I saw a lot of good things on my tour; smiling faces, waterfalls, forward thinking and teamwork.  And I saw a lot of things that concern me; 12 year-old girls breastfeeding, disappearing forests and terrible roads.

The best we can do is work with them to create a sustainable business.  There may be a lot of kicking and screaming in the process of getting it going, and maybe there is a special set of skills required, but isn’t that the same for any business anywhere?  If it was easy, it would've been done before.

Sunday, September 21, 2008

Training Safari

Well, I'm off to the bush for two weeks on a training safari. I'll be camping with 10 other people from the Forest Fruits crew and we hope to meet and discuss issues with all 6000 beekeepers.

Sure is nice to be out of the city again. The air is clean, the birds are singing and there is no power at night. (or in the day most of the time)

Thursday, September 4, 2008


So I realize that I haven't been the most vocal person in the last two months. Maybe no one really noticed anyway because the dog-days of summer are just wiping your conscience free of the concept of time?

Either way, I feel compelled to write something. So what happens if I don't have anything to write. Let’s just have a glass of gin and juice, pick a cool word and let the writing times roll.

Gin and Juice - check.

Cool word...hmmm, how about Earth.

C'est tres cool, everyone loves the Earth.

Here we go. A few of you may have known that I spent 4 years working with my Dad, I took care of Springbank Cheese in Calgary. It was a great time, and all the while I kept my ear to the ground for what was happening around the world -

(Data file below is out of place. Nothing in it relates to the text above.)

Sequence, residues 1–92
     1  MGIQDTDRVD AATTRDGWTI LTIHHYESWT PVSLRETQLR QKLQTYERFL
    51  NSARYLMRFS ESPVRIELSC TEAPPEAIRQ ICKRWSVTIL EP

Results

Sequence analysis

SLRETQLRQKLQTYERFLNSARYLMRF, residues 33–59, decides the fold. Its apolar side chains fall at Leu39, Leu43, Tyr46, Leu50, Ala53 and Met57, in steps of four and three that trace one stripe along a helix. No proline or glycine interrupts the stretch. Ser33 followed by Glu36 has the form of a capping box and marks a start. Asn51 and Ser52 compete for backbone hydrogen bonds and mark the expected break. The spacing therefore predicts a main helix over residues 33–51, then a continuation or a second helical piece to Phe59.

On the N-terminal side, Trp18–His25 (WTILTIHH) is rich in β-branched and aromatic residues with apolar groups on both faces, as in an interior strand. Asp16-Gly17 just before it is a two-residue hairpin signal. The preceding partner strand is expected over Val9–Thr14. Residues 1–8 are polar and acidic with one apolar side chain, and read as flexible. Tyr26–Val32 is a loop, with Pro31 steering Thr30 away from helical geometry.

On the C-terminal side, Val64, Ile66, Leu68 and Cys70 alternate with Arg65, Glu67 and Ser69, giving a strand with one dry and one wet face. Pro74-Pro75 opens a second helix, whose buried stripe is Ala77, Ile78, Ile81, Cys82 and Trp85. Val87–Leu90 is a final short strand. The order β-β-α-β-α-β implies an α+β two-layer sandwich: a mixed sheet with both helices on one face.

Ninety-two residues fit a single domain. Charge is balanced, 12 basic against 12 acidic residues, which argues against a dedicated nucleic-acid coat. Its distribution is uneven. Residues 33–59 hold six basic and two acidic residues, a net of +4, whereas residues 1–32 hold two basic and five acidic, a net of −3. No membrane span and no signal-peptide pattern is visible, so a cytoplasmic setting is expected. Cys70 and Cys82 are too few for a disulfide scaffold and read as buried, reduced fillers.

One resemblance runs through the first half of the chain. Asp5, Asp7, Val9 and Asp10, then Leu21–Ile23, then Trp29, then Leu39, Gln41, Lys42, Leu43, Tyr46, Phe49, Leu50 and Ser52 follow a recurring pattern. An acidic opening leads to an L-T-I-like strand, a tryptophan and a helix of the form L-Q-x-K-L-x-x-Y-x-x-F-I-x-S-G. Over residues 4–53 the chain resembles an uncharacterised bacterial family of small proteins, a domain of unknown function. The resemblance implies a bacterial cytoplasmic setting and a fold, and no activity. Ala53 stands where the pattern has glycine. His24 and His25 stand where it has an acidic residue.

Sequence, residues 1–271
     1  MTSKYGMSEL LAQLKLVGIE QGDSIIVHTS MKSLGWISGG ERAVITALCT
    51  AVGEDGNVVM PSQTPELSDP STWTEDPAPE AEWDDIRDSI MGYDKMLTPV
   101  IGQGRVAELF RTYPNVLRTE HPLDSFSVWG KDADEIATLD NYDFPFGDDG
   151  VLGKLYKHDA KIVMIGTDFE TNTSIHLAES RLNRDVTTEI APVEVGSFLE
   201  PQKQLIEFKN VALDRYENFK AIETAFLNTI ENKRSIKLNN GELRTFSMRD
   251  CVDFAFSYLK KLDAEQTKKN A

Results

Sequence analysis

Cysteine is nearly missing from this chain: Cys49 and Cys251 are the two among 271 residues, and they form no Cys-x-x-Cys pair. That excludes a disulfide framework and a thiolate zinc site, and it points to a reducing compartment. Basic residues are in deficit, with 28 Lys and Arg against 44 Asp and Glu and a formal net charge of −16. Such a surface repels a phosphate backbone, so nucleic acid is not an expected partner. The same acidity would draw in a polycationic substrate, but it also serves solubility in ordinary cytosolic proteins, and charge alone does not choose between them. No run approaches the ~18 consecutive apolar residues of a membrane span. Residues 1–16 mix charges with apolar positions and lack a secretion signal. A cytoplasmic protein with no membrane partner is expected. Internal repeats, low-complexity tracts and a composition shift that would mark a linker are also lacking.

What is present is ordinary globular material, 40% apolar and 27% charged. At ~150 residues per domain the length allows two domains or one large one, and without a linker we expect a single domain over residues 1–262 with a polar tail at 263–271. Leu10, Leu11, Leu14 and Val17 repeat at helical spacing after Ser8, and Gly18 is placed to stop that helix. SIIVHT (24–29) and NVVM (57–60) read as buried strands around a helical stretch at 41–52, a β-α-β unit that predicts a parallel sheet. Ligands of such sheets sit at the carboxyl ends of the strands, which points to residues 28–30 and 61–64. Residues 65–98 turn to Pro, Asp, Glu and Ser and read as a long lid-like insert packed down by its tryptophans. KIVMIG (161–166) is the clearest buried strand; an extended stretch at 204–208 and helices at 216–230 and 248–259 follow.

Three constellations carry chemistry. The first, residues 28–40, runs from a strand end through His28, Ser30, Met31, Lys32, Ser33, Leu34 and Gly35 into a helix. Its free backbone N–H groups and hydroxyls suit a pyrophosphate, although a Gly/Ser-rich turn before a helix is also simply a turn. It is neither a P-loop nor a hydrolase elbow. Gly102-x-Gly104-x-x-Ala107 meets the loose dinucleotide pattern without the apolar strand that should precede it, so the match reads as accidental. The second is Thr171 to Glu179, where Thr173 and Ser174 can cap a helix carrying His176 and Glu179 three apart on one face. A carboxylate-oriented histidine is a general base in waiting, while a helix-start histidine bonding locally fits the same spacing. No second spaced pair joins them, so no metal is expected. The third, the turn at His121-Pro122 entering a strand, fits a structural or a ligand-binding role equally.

In January 2006, I fulfilled my two year resignation plan and headed to Quebec. My heart wasn't in it anymore, and not just the company, but development also. I didn't know if poverty alleviation was what I wanted to focus on.

Off I went to Quebec, completely directionless. All I knew was that my soft side wanted to help people, because that made me happy. My logical side wanted to prevent the extinction of the human race. Sure, maybe I'm a bit drastic, but I think I see some large indications that good ol' mankind was heading in the wrong direction. My first instinct wasn't to become a monk, it was to change peoples minds about consumerism. I read a few books and watched every TEDTalk I could -

After all that, consumerism still bothered me...but wait a minute, isn't there something called supply and demand? So if you want to live a consumeristic lifestyle, you'll just have to pay for it. As the Earth's supply goes down, the price will go up. (even for things which should be fundamental human rights, such as chocolate, cheese, HONEY, and beer)

Problem solved.

So what is the real problem?

There is an irreversible component. If you believe that driving your car causes global warming, and that this could trigger an ice-age or at least economic hardships, then hippity hoppity, lets stop driving our cars or at least reduce the greenhouse gases associated with it.

So maybe I believe in global warming to be man made, or maybe its caused by solar flares on the sun...either way, there are millions of people and enough money behind solving that issue. Plus, it's possible that one technical discovery could actually solve all the worlds energy problems AND global warming concerns. And it could happen almost overnight, something like....nano-solar?